Ask friends to suggest their favorite breakfast place and the recommendations come pouring out like hot coffee on a busy Saturday morning. The passion and loyalty is intense as well. At the risk of treading on dangerous ground(s), I picked a few of the most popular breakfast restaurants in Bucks to see what makes breakfast so good at their places. First we’ll visit Fred’s Breakfast in New Hope and then I’ll follow with posts about the Vintage Grille in Fountainville and Vera’s Country Cafe in Ottsville. I’ll also do a future post about other popular breakfast places in Bucks.
Breakfast being the first meal of the day has certain implications. Most folks are not always at their sharpest – unless you’re one of those really chipper morning people – so a hot cup of coffee, delivered quickly, is usually the first order of business. A smile doesn’t hurt either.
Chris and Ellen Bollenbacher, owners of Fred’s Breakfast, understand this well. “One of the things we’ve never liked at most breakfast places is waiting for the first cup of coffee, or having to grab someone for a refill,” they say. At Fred’s the coffee is free, but you get it yourself. The coffee station is directly ahead and on the left as you walk in. Mugs, sugar, cream, milk – everything you need for your first cup is ready and waiting. It also adds to the home-like atmosphere of Fred’s, like you’re in your own kitchen but with better food and cheerful people to serve you. And when you want a refill, you walk on over and fix it yourself. Some members even bring in their own mugs and special sweeteners, which sit on a shelf over the coffee station.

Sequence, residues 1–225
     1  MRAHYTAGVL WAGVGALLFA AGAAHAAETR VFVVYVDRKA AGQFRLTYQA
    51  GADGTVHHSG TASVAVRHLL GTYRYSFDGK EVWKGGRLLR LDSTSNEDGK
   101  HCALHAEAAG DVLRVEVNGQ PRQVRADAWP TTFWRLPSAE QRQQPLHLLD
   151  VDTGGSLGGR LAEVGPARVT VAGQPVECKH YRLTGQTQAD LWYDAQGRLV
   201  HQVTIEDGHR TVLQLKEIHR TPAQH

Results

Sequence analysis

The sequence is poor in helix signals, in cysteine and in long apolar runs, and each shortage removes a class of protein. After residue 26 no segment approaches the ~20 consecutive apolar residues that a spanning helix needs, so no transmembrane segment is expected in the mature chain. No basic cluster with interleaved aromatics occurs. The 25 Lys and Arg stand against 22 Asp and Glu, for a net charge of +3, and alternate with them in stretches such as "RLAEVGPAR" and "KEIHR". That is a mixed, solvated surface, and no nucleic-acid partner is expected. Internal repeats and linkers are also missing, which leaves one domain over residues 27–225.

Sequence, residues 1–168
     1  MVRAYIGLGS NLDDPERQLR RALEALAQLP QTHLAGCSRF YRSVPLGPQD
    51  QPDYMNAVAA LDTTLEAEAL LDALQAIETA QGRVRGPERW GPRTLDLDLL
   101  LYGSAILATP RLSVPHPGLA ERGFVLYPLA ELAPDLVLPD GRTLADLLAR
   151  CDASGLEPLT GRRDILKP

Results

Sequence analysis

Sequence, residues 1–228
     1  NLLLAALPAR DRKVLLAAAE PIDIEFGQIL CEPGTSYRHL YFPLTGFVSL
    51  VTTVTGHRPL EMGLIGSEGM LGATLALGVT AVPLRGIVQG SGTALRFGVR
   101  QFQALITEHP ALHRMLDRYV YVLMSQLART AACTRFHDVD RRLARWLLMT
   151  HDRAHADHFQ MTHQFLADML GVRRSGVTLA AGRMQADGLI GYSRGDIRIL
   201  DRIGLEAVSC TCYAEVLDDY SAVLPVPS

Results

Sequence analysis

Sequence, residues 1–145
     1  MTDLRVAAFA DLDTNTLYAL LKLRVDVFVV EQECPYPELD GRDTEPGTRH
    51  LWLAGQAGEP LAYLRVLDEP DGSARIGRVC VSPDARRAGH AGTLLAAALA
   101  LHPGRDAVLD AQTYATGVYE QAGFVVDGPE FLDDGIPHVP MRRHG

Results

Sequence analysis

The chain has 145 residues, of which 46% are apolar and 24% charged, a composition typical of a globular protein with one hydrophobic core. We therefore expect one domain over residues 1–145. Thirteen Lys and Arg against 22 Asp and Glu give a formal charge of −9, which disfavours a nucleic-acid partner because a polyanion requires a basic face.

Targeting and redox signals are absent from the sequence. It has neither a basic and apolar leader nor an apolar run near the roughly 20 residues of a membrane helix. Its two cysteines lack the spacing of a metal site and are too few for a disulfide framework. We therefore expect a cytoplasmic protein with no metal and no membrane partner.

You may have heard that Fred’s is a “members only” restaurant. Don’t be put off by that. Membership is open to all, and the $10 fee is just to cover the cost of the electronic key you use to get in. Why did the Bollenbachers, who also own the Landing Restaurant down the street, choose to go this route? “We wanted to show our appreciation for our regulars, the locals,” they explained. “These are the folks who support us through the winter, year-round. We didn’t want them waiting in line behind tourists in the summer.” What they have ended up creating is a community. Customers – members truly – feel like they belong. People love Fred’s. And why not? The food is fresh, made to order and served with warmth and fun by a cheerful staff.
Fun? Yes. The Bollenbachers say one of the questions on the job application for Fred’s is: “Are you happy, or can you pretend to be happy, at 5 am?” (Guess I won’t be working there.) And the expectation extends to members as well. One of the membership rules (see their website, www.fredsbreakfast.com, for the full list) is quite explicit: “We don’t do grumpy at Fred’s … If you aren’t happy, at least keep an open mind to it, so the rest of us have a chance at cheering you up.” That might give someone like me – who is not a morning person – pause, but don’t worry, this isn’t a breakfast version of Chuck E. Cheese. And even I am willing to smile once I have my coffee and a delicious baked good in front of me.